Thursday, March 26, 2015

A Strategy of No Skill

I love this:

Russ: I get an email from a football predictor who says, 'I know who is going to win Monday night. I know which team you should bet on for Monday night football.'

And I get this email, and I think, well, these guys are just a bunch of hacks. I'm not going to pay any attention to it. But it turns out to be right; and of course who knows? It's got a 50-50 chance. But then, for the next 10 weeks he keeps sending me the picks, and I happen to notice that for 10 weeks in a row he gets it right every time. And I know that that can't be done by chance, 10 picks in a row.

He must be a genius. And of course, I'm a sucker. Why?

Guest: So, let's say after those 10 weeks in a row you actually subscribe to this person's predictions. And then they don't do so well, after the 10 weeks.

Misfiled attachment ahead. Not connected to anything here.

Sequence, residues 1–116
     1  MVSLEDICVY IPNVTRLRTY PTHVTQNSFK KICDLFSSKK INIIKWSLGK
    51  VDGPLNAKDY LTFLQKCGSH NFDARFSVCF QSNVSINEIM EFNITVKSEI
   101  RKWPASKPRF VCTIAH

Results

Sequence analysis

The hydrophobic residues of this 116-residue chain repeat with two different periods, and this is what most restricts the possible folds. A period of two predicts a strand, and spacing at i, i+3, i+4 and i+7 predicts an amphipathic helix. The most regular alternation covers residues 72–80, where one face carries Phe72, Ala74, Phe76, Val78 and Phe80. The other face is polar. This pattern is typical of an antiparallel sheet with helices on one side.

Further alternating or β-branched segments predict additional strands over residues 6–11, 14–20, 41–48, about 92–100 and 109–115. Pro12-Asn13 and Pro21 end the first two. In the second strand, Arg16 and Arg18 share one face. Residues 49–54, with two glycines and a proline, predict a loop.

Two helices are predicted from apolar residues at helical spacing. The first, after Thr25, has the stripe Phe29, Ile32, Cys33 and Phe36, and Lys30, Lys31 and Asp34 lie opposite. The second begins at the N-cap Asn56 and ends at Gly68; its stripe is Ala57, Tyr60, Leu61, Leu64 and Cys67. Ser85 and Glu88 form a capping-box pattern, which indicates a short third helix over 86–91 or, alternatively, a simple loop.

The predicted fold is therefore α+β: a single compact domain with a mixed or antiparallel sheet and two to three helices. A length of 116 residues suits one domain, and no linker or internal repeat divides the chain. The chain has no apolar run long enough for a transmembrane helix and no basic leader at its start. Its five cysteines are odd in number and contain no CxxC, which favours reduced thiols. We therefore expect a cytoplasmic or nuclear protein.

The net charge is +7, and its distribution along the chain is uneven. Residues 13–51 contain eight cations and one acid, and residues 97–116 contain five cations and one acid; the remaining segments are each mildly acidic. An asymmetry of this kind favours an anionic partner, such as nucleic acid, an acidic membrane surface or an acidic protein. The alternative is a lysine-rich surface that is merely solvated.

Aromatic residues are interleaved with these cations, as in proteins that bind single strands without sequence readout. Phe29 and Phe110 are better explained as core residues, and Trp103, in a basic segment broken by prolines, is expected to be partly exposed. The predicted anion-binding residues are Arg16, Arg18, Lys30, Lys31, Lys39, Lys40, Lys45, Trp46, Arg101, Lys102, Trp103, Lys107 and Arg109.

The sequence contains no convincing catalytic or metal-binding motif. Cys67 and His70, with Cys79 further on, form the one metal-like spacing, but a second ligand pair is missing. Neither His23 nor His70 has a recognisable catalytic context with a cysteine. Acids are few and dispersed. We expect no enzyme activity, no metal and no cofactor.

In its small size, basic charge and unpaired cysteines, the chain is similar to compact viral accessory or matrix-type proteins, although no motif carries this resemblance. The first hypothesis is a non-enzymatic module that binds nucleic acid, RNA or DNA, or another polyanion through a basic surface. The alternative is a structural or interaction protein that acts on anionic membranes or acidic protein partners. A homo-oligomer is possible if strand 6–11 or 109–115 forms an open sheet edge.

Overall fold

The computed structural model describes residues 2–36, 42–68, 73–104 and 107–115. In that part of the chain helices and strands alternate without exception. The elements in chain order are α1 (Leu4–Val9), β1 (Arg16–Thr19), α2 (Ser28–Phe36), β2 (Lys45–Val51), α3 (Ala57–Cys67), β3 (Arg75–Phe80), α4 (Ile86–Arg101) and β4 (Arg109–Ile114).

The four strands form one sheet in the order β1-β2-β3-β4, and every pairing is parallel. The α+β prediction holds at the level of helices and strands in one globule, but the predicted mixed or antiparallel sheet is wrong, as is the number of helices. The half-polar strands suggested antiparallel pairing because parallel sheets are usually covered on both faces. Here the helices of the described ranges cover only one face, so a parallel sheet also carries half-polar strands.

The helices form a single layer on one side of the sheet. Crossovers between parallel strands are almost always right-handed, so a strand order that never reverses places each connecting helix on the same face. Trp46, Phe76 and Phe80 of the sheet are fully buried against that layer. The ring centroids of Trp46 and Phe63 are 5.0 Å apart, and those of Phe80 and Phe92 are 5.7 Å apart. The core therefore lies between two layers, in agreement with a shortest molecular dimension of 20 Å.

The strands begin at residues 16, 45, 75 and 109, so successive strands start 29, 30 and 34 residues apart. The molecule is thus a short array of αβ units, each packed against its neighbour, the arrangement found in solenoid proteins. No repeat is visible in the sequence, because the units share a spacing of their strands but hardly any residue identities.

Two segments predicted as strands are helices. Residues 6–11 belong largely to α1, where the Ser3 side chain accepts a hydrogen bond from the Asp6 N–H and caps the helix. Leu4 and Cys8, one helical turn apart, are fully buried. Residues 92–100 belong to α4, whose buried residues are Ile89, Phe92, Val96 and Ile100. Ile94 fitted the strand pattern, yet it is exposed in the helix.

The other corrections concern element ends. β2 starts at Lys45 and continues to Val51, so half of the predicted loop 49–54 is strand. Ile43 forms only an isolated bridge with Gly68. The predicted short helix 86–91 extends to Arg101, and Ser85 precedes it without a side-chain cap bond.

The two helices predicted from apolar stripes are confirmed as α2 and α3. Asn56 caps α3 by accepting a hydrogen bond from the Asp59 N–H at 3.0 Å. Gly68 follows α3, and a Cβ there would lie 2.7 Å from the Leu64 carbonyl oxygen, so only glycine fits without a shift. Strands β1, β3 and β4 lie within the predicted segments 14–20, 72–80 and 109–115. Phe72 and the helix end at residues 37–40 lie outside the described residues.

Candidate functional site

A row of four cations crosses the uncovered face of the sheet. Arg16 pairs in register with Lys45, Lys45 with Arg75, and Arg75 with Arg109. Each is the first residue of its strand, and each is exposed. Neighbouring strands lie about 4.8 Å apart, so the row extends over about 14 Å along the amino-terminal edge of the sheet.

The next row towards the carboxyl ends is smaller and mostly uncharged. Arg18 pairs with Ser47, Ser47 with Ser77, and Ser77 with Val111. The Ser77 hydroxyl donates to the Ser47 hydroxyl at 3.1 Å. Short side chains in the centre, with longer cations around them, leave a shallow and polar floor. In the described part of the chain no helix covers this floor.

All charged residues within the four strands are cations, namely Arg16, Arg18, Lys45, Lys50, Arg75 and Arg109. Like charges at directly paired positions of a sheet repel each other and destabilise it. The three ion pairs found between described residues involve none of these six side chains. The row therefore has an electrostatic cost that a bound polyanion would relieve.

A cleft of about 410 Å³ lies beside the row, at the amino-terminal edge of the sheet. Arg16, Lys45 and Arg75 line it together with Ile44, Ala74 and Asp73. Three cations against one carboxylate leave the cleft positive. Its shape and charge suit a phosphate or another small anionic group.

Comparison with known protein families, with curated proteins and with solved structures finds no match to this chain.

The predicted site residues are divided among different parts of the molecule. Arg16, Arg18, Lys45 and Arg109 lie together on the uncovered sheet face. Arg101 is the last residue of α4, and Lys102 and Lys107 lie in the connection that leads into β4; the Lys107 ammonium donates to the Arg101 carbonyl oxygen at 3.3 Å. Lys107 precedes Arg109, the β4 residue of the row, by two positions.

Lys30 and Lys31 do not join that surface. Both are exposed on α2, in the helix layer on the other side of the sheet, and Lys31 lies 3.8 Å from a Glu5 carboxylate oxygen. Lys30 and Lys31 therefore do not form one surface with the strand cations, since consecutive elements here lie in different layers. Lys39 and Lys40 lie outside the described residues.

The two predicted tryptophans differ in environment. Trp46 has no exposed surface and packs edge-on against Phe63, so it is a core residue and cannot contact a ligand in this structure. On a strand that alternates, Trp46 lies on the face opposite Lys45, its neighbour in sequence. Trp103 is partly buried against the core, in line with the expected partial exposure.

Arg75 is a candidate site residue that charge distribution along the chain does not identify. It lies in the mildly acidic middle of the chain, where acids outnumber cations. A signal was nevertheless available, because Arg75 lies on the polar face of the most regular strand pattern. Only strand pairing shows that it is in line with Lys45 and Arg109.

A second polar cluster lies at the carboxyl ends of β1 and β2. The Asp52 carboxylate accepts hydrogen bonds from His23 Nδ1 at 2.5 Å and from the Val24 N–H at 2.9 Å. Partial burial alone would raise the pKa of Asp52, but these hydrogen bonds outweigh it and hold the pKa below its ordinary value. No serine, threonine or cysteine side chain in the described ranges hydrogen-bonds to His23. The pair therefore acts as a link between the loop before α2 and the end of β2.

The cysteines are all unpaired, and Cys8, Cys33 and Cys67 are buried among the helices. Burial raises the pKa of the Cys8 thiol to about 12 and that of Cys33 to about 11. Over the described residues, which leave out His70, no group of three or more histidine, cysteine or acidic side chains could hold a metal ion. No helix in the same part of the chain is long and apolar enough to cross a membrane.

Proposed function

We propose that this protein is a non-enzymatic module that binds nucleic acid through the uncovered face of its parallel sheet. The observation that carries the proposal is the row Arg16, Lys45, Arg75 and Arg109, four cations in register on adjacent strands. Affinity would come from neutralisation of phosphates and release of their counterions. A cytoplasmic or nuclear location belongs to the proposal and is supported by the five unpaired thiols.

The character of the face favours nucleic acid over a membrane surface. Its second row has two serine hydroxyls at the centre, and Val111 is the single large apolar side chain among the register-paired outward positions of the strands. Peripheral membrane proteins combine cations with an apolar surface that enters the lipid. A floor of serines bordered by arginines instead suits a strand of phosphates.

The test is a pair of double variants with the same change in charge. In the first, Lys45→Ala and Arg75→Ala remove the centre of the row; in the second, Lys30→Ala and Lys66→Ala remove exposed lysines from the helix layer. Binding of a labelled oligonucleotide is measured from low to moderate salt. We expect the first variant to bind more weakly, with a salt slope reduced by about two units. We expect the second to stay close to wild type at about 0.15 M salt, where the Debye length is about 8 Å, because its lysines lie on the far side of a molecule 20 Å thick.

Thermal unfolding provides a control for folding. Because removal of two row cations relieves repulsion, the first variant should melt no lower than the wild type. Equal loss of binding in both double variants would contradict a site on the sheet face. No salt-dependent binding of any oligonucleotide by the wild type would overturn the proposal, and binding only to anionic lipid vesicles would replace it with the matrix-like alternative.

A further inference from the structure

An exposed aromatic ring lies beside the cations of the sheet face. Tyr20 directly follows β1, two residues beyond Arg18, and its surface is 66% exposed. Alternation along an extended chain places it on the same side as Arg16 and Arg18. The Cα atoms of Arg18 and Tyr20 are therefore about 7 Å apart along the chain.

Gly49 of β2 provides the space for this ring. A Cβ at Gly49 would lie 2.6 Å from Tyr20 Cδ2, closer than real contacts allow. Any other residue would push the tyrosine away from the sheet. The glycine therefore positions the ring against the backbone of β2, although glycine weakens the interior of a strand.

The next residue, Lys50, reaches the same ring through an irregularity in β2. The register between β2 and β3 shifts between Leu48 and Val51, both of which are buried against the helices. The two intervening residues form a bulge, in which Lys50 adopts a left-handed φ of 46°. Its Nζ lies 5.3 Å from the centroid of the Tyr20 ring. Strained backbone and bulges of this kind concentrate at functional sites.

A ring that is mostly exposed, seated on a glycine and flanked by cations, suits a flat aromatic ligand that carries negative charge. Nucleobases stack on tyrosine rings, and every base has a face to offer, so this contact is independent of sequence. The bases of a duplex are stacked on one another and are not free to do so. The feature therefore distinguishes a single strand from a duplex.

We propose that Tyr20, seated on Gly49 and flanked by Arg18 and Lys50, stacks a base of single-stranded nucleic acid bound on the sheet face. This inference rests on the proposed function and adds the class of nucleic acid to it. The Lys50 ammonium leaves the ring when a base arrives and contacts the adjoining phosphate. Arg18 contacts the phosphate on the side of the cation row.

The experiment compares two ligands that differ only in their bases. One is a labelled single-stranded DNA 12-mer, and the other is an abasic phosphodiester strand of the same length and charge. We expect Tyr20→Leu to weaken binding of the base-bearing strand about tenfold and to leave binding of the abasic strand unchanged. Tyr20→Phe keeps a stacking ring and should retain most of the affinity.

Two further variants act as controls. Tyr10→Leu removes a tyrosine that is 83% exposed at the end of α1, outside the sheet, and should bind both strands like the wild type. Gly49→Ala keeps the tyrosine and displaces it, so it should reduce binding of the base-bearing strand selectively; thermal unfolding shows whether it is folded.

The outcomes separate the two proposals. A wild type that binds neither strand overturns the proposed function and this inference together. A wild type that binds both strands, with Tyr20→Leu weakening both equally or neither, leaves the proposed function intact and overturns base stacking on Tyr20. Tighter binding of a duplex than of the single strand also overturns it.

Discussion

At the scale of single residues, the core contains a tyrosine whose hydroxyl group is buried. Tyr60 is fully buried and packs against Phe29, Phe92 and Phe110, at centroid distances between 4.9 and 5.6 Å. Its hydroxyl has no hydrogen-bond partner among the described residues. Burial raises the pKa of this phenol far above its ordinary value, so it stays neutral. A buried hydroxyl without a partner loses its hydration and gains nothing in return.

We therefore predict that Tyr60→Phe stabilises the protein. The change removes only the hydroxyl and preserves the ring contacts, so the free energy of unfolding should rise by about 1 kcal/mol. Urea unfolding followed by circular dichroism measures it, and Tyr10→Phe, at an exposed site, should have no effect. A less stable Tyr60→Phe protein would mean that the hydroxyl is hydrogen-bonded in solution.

And the reason is that the original strategy was basically: Send an email to 100,000 people, and in 50,000 of those emails you say that Team A is going to win on Monday. And in 50,000 you say Team B is going to win on Monday.

And then, if Team A wins, the next week you only send to the people that got the correct prediction. So, the next week you do the same thing. 25,000 for Team A, 25,000 for Team B. And you continue doing this. And the size of the number of emails decreases every single week, until after that 10th week, there are 97 people that got 10 picks in a row correct. So you harvest 97 suckers out of this. (http://www.econtalk.org/archives/2015/03/campbell_harvey.html)

Or in other words:

$ irb
2.1.3 :001 > people = 100_000
100000
2.1.3 :002 > 10.times.map { people /= 2 }
[
  [0] 50000,
  [1] 25000,
  [2] 12500,
  [3] 6250,
  [4] 3125,
  [5] 1562,
  [6] 781,
  [7] 390,
  [8] 195,
  [9] 97
]